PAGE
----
SHUTTER (2008)

The American version of Shutter was released into the world four years later, with an unexpected approach taken to Americanizing the Thai story: rather than to the United States, the setting was moved to Japan, with a Japanese director hired to bring this new take to the screen.

The remake tells basically the same story, with a few differences. The two main characters, Ben and Jane (Tun and Jane in the original), are getting married and the movie starts at their wedding. They're moving from New York to Japan an hour after the reception, because Ben had a job offer as a photographer. Ben has lived in Japan before, but this is Jane's first time leaving the U.S., she got her passport specifically so she could go with Ben.

Once in Japan but before Ben starts work, they have planned to have a very short honeymoon stay at a cabin nestled in the beautiful countryside. While driving along the snowy, forest-shrouded road on the way to the cabin, Jane is momentarily distracted by checking the map, and in that moment a woman comes out of nowhere and attempts to cross the road right in front of them. The car hits the woman, then Jane loses control of it and ends up hitting a tree very hard, the impact knocking both her and Ben unconscious. As Jane passes out, she sees the woman still moving on the road... When they regain consciousness, the woman is gone.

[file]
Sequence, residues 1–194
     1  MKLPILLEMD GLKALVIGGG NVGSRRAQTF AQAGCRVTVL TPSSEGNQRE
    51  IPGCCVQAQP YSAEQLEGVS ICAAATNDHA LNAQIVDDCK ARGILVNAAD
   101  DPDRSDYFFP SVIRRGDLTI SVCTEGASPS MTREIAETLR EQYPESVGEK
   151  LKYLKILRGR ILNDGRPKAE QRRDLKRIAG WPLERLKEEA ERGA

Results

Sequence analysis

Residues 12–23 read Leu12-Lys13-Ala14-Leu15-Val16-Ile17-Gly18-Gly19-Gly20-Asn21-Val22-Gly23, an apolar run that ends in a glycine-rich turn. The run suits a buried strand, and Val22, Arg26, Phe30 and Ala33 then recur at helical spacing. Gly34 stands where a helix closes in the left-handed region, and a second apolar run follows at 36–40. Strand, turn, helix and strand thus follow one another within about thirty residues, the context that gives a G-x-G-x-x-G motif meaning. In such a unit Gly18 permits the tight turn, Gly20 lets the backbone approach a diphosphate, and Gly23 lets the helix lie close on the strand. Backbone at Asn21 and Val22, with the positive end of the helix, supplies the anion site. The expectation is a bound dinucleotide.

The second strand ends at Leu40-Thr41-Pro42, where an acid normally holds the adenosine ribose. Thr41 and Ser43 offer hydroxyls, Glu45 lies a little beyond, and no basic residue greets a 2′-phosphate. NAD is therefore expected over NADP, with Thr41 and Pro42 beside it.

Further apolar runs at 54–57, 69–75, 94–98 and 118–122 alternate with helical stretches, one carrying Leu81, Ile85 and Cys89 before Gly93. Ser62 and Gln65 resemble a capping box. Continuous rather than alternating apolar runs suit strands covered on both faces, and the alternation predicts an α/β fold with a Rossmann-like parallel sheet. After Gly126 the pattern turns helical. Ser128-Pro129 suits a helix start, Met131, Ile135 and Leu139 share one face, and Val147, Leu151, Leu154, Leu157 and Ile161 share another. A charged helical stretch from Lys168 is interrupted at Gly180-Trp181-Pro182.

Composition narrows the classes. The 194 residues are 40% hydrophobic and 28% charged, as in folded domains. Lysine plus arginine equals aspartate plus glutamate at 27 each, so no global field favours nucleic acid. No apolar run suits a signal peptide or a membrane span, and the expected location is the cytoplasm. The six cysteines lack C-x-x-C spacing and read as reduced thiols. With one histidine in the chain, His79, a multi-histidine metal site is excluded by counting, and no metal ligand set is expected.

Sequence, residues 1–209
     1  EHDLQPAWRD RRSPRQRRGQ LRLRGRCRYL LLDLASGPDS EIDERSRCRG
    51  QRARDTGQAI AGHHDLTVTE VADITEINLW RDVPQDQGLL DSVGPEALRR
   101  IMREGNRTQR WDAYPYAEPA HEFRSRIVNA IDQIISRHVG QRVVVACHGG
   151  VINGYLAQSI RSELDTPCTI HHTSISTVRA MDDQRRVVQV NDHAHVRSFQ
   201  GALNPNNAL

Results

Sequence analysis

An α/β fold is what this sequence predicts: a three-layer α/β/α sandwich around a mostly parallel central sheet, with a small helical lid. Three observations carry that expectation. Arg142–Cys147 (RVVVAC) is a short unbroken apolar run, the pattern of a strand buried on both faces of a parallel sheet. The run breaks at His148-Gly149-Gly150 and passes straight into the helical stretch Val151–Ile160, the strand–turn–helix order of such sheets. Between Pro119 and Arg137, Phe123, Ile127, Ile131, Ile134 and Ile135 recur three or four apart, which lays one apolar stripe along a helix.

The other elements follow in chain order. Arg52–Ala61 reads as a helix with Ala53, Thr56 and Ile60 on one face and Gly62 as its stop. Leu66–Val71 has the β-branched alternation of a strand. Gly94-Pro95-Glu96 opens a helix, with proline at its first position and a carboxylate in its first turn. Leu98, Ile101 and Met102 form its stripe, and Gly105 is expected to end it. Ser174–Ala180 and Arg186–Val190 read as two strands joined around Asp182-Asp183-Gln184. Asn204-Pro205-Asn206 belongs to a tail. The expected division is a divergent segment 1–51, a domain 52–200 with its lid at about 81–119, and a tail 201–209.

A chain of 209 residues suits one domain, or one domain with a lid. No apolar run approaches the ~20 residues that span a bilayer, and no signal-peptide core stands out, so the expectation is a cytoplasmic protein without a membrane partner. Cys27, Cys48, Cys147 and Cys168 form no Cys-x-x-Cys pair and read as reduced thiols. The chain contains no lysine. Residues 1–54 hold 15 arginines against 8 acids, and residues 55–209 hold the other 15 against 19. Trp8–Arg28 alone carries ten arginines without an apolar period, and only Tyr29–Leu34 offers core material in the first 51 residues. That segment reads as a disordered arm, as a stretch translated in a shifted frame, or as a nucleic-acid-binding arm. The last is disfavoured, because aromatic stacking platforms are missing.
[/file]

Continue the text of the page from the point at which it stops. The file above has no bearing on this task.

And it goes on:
I liked that Ben and Jane do everything right in this moment, there's nothing shady about how the situation is handled. They get out of the car to look for the woman, but can't find her. The police are called and check things out, there is no sign anywhere of the woman who was hit. She's just gone.

This was probably done so the audience would remain sympathetic with the characters rather than questioning their motives, and it lessens the thought that this is all happening just because of a hit and run. It's more clearly what it truly is - not our characters harming a person, but in fact the first ghostly event.

Jane is still bothered by this incident during their brief honeymoon, but before they know it it's time to go to Tokyo so Ben can get to work at a job that his old friends, fellow Americans, and obvious womanizers Bruno and Adam have helped set up for him. Bruno shows the newlyweds to the studio apartment they'll be living in, and they seem very happy about it. For a short while.